U of T women beat Ryerson at home, to take third place
Rory McCreight – Sports Editor
Have you guys ever seen The Miracle? It’s the story of a young underdog team from a large institution facing off against a super powered team from another behemoth in the semi-final match of a tournament. Well, watching the OUA woman’s volleyball championship gave me some déjà vu, but from the vu of a Soviet fan, U of T (Canada’s academic superpower), suffered a heartbreak at the hooves of the Western Mustangs.
The metaphor is a bit of a stretch, but there’s some substance to it. The Blues had been undefeated for over a year prior to the semis. They went two whole seasons undefeated and completed a gold medal playoff run last year, and were favourites to repeat on home court this year.
After dropping the first set, the Blues bounced back to win the second set 25-17. Western took set three after starting off with five straight point on route an early 11-4 lead, and finally icing the set 25-20 as U of T mounted a bit of a comeback. U of T won set four with some strong play from setter Madelyn Mandryk, and match MVP Anna Feore hitting from the left. This led to a showdown in a tie-break fifth set, where U of T had a comfortable lead that slowly crumbled under the strength of Western’s front court. Up 14-13, U of T lost a point on some strange technicality that my colleague and I with our combined lack of volleyball experience have yet to figure out, and eventually lost 16-14 — completing The Miracle on court.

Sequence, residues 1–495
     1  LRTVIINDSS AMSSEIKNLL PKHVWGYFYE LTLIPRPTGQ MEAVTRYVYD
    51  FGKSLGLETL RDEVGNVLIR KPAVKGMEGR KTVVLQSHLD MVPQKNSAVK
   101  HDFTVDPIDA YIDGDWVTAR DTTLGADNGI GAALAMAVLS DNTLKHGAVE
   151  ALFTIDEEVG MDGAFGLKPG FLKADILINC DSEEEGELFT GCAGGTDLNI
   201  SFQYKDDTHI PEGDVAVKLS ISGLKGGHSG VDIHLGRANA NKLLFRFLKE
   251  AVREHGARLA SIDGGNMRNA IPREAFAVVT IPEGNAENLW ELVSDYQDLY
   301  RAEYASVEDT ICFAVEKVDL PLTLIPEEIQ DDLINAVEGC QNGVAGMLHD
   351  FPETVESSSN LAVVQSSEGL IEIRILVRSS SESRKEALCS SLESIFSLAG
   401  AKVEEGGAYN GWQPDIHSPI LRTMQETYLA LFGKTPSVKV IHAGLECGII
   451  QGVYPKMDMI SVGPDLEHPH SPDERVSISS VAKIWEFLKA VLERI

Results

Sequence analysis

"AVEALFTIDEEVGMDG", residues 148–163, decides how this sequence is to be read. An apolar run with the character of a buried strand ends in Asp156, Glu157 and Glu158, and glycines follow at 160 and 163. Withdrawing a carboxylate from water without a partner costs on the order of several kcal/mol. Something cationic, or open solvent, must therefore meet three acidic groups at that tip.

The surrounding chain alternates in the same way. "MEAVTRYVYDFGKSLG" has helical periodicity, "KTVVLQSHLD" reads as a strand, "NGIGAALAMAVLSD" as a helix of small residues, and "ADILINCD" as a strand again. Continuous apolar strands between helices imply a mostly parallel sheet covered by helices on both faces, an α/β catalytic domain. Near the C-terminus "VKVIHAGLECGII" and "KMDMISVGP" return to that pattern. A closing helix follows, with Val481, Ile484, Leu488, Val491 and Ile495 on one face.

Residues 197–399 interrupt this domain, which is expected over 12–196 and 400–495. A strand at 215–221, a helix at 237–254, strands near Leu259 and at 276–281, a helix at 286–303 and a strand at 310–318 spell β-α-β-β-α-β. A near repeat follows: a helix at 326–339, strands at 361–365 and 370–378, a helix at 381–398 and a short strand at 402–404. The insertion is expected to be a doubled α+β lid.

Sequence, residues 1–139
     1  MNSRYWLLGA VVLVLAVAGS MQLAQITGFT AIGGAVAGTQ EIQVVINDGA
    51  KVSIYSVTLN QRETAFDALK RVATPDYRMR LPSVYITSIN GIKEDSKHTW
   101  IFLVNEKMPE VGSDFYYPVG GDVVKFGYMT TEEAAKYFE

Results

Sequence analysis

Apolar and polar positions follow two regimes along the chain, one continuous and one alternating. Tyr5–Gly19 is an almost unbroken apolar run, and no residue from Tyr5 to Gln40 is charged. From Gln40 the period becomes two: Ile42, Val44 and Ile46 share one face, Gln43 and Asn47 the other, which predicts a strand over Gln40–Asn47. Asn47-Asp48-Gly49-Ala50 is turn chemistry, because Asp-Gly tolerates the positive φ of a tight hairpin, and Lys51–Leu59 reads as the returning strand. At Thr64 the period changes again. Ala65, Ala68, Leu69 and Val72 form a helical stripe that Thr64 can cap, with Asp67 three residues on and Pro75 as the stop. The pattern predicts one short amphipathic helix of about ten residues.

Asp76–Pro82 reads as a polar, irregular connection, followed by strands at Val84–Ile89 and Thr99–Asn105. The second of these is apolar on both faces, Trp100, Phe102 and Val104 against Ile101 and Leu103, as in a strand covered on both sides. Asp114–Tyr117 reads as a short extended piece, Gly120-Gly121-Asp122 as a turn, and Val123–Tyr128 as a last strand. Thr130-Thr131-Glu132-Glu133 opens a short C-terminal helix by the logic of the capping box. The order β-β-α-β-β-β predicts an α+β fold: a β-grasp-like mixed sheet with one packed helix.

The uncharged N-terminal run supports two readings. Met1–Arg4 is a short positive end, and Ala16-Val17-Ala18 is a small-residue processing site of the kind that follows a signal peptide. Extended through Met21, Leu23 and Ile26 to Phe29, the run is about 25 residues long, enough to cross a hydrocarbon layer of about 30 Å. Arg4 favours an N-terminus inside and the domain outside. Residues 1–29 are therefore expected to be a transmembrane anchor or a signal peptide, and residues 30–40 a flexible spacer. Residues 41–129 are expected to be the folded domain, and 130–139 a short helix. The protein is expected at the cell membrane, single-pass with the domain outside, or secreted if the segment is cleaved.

Despite the loss, the match was incredible. By the time I started to work out the rhythms of the game, I was hooked. The atmosphere was tense: the momentum swung back and forth like a broken pendulum, and my nails were chomped to a nub. When that final point landed on the U of T side, my heart bled. The Blues never quit, they always found a way to come back, and they stuck together as a team, buoyed by excellent leadership and communication from the libero, Asil Ersozoglu.
OUA Eastern player of the year and match MVP of the 3-1 bronze medal win over Ryerson, Alina Dormann is a dynamic athlete. Scoring a game high 15 in the final match, Dormann’s power and precision from the right was a sight to behold. She’s one of those athletes that, whenever the ball was on its way to her, you knew would do something special. One massive spike from her would somehow become a five-point stretch in the next two minutes. She’s an Auston Matthews, a Christine Sinclair, or a LeBron James — whenever the ball was in her control you could safely expect something unbelievable to happen.
Looking forward, I’m sure the team was unfazed by a bronze medal. They celebrated loudly after that last point against Ryerson, and took in the hometown adoration like the champions they are. Next season, the team’s makeup won’t be much different — much of the team, including Dormann, are still lower years, so, who knows? I am sure they are already looking forward to starting another undefeated season.